Published: Wed, February 21, 2018
Worldwide | By Gretchen Simon

Brexit doesn't mean a 'Mad Max-style free-for-all'

Brexit doesn't mean a 'Mad Max-style free-for-all'

He said that instead of loosening rules in order to gain a competitive advantage over the European Union after Britain's scheduled departure in March 2019, it will engage in a "race to the top".

In a keynote speech to business leaders in Vienna, of which a copy was obtained by Xinhua, Davis said Britain will not be plunged into a "Mad Max" style world borrowed from dystopian fiction. It will also likely agree that Britain will remain in the customs union and single market, but that the United Kingdom will expect to be able to negotiate, although not sign or implement, new trade deals at the same time. Britain wants to retain close economic ties with the European Union after it leaves the trading bloc in March next year, while also being free to strike new trade deals around the world.

Livelihoods depend on the Government getting this right, and rather than simply talking about life after Brexit the time has come for our political leaders to explain how they are going to deliver a fearless new world in which Britain is able to flourish. In the past, ministers have suggested Britain may have to change its economic model to remain competitive and cut taxes and regulation to attract global investment.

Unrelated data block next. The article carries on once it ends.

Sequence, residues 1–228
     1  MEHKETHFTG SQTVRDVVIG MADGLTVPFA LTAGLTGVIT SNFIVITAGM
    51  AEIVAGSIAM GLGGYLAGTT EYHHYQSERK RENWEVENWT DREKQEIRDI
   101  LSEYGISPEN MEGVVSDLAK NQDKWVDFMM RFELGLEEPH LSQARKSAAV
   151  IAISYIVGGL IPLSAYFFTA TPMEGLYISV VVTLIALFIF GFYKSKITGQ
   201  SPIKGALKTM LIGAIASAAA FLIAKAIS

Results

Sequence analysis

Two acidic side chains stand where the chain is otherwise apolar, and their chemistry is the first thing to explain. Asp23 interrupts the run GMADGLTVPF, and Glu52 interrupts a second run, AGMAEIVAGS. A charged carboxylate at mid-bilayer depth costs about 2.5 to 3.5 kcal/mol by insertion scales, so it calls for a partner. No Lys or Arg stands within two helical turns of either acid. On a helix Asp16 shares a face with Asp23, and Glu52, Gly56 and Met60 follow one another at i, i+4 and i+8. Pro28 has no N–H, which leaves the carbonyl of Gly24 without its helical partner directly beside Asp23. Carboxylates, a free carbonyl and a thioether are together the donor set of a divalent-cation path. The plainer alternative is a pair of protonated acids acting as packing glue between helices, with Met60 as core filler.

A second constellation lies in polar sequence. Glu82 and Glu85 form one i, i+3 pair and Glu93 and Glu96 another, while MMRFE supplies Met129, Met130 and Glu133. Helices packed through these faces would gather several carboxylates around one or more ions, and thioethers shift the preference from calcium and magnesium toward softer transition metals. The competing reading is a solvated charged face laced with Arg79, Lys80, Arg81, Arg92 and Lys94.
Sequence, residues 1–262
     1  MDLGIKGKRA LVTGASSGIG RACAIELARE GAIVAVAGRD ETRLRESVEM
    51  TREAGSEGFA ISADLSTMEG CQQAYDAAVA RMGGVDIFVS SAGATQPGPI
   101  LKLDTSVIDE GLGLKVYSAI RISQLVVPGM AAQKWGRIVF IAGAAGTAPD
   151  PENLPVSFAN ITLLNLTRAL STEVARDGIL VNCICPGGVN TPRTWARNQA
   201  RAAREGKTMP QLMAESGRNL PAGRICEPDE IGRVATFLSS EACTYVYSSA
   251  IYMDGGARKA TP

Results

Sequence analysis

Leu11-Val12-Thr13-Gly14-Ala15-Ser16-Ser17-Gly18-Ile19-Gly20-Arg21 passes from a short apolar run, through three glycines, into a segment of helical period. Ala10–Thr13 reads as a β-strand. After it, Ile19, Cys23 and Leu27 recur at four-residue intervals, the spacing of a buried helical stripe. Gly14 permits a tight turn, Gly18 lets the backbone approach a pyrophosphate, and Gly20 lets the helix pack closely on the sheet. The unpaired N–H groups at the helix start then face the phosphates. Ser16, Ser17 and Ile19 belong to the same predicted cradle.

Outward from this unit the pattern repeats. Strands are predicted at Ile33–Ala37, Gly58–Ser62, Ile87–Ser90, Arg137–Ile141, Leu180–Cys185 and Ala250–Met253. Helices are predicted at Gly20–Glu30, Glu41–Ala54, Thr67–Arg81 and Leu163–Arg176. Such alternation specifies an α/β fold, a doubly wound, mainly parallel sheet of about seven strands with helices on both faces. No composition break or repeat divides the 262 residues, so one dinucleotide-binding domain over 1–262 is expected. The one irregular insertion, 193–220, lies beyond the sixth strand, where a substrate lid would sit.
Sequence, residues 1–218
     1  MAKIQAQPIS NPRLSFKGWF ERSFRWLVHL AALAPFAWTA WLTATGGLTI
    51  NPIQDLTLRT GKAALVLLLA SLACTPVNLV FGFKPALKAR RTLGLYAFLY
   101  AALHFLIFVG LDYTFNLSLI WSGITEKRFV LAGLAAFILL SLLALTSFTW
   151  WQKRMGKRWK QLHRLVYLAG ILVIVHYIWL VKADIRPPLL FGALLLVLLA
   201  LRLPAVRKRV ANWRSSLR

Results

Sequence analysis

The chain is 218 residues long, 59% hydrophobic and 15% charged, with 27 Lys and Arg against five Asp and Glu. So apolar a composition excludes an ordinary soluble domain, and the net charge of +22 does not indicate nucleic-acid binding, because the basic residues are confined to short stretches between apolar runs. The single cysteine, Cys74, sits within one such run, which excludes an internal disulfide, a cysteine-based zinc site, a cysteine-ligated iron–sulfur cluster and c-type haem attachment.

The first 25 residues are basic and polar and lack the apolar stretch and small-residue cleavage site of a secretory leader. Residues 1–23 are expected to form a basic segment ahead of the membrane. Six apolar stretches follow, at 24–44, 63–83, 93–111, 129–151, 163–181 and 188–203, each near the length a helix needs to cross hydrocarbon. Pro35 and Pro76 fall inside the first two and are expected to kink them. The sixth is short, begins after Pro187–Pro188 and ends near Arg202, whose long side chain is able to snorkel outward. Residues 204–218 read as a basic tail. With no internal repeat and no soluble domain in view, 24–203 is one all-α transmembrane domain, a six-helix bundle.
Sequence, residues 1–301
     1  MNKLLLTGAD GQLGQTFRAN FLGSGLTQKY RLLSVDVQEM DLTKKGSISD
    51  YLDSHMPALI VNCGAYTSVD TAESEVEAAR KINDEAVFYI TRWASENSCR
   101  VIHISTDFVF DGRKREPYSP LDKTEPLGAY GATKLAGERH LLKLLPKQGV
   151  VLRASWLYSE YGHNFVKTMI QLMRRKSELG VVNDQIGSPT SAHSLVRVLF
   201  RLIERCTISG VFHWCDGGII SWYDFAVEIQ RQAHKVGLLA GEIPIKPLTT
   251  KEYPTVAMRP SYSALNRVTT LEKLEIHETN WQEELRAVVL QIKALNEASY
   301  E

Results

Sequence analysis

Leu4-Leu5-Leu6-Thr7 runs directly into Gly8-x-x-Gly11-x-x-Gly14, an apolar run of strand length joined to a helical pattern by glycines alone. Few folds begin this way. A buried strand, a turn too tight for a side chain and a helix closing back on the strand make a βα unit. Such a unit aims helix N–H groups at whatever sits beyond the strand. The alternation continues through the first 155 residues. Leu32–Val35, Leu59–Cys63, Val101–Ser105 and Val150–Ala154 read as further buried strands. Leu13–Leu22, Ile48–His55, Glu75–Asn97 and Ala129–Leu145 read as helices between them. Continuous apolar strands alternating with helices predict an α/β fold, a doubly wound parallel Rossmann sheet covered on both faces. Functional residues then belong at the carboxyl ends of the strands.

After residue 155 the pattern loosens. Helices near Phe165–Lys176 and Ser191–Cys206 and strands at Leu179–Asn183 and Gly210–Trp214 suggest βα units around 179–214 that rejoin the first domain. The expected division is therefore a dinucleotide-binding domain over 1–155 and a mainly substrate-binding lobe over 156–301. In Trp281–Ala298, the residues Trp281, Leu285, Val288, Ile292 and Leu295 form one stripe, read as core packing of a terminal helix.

In a speech in Vienna, he vowed to ensure trade with the European Union remained as "frictionless as possible" after the split.

Davis argued that maintaining similar regulations and recognizing one another's standards would allow trade to continue without friction after Britain leaves the EU.

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British PM Theresa May still wants a Brexit transition phase of around two years; her position remains unchanged, according to a Government source.

He said: "It's the Boris Johnson school of having the cake and eating it, which we already know is unrealistic".

"The UK believes the Period's duration should be determined simply by how long it will take to prepare and implement the new processes and new systems that will underpin the future partnership", negotiators said in an explanatory note leaked ahead of its planned publication.

He will add that the deal requires "close, even-handed cooperation between these authorities and a common set of principles to guide them".

Davis's speech on standards sets out some of the key issues to be discussed by cabinet ministers at May's Chequers away day on Thursday.

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